Dark mode design can work anywhere. From mobile apps, smartwatches, TV interfaces, or websites, this design trend can move your brand forward and elevate your user experience. Here are some top tips when designing a dark theme website or app interface:
If your brand's color palette is dark mode compatible, you're already ten steps ahead. If not, you may want to think twice before going dark. If you have to change your brand to fit the aesthetic, don't consider dark mode; moreover, if your brand needs to use a wide spectrum of colors, consider a lighter UI and not this dark mode trend.
A dark mode user interface is useful for particular industries that highlight high-energy content paired with a dark background in real life. Think nightlife, auto clubs, and other entertainment-like brands.
If you are designing a minimalist brand or if your design aesthetic is already minimalistic, consider dark mode as it complements your UX goals.
Keep it simple. This may be obvious, but take a second or third or fourth look at your brand — do you think your brand could be elevated using dark mode? Yes? Then proceed reading. No? Don't fear missing out. Are your competitors moving toward dark mode? Keep reading, and maybe contact our branding team.
Tips for dark mode design
Is your brand ready? Are you ready? Take notes, research, and apply these tips to ensure your dark mode website or app will be a hit with your users.
Don't go too dark
Book publishers don’t use pure white paper because the contrast with black ink is too stark. It makes you squint and can lead to headaches. The same goes for digital devices. Steer clear of pure black. It’s hard on the eyes to look at a high contrast screen. Good dark mode colors are shades of grey combined with desaturated colors.
Dark mode backgrounds have to be dark enough to show white text. The suggestion from Google Material Design is to use a text-to-background contrast level of at least 15.8:1.
Keep away from fully saturated colors on dark backgrounds. The shades often seem to “vibrate” when viewed on dark surfaces. Instead, use desaturated colors like pastels and muted colors—shades that have grey and white added.
Also, consider adjusting your brand’s color palette. Your company’s blue might read differently on black than on white. Colors in dark mode often have to be tweaked to elicit the same response you’d get in light mode.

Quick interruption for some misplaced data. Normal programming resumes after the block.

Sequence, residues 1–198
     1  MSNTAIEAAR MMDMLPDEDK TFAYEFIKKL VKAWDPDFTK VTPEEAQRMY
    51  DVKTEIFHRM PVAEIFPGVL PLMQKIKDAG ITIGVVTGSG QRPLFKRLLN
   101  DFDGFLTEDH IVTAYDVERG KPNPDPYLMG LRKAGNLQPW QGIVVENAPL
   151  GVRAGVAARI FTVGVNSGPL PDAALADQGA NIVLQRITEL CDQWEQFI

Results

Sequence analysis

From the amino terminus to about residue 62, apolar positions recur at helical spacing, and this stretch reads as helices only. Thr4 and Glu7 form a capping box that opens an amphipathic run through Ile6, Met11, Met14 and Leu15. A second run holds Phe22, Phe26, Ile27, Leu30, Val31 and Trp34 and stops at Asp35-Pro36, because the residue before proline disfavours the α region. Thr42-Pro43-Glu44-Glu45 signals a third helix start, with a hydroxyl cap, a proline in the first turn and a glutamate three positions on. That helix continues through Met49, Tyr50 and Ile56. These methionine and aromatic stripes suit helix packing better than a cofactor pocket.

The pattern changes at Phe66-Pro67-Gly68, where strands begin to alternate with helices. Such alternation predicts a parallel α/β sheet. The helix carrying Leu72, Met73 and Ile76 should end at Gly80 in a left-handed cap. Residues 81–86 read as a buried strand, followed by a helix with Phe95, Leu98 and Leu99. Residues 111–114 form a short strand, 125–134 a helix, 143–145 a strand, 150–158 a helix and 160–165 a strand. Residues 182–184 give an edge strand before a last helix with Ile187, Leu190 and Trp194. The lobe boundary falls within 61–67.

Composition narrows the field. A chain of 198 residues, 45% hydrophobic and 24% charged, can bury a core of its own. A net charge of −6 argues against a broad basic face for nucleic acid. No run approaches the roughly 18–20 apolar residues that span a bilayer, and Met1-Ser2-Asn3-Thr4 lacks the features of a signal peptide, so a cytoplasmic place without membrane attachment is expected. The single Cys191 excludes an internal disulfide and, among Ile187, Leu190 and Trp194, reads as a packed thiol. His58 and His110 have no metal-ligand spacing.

Use active/non-active indicators
What’s an “on” color? One that shows up on top of elements and key surfaces. “On” colors are usually used for lettering. Dark mode UI default “on” color is pure white (#FFFFFF). Don’t use it. Pure white appears too vibrate when viewed against dark backgrounds. We suggesting using a light grey.
A beginner's mistake
If you’re switching to dark mode from standard mode, there are probably valuable visual cues in the original theme. Don’t simply invert the colors to get your dark theme. You might be turning colors that had a psychological purpose into meaningless muted colors. Be intentional about your color selection.
The higher a layer is, the lighter it should be. This will create a visual hierarchy in dark mode that goes from the most used elements in your display to the least.
Test both dark and light mode versions of your design. Experiment with each style and make the appropriate tweaks based on user feedback. Ultimately, people’s preferences can be unpredictable, so don’t pigeon-hole your users. Let them toggle their display from light mode to dark mode. This gives users the chance to control their own experience and let them feel more like an individual.
Ready, set, go-dark!
Although dark mode UI has been around, we feel that the theme revolution is just getting fired up, meaning it’s the perfect time to dim the lights and get creative.
Need help? Simple Digital has an immersive experience with dark mode UI design and dark mode re-branding. Give our team a call or send us an email to learn more!
There you have it, 5 web design trends for 2020 and beyond! With a decade of old trends having come to a close and a decade ahead open to attention-grabbing visuals, you can expect the minimalistic movement and user time-span epidemic to make 2020 and beyond very interesting for web designers.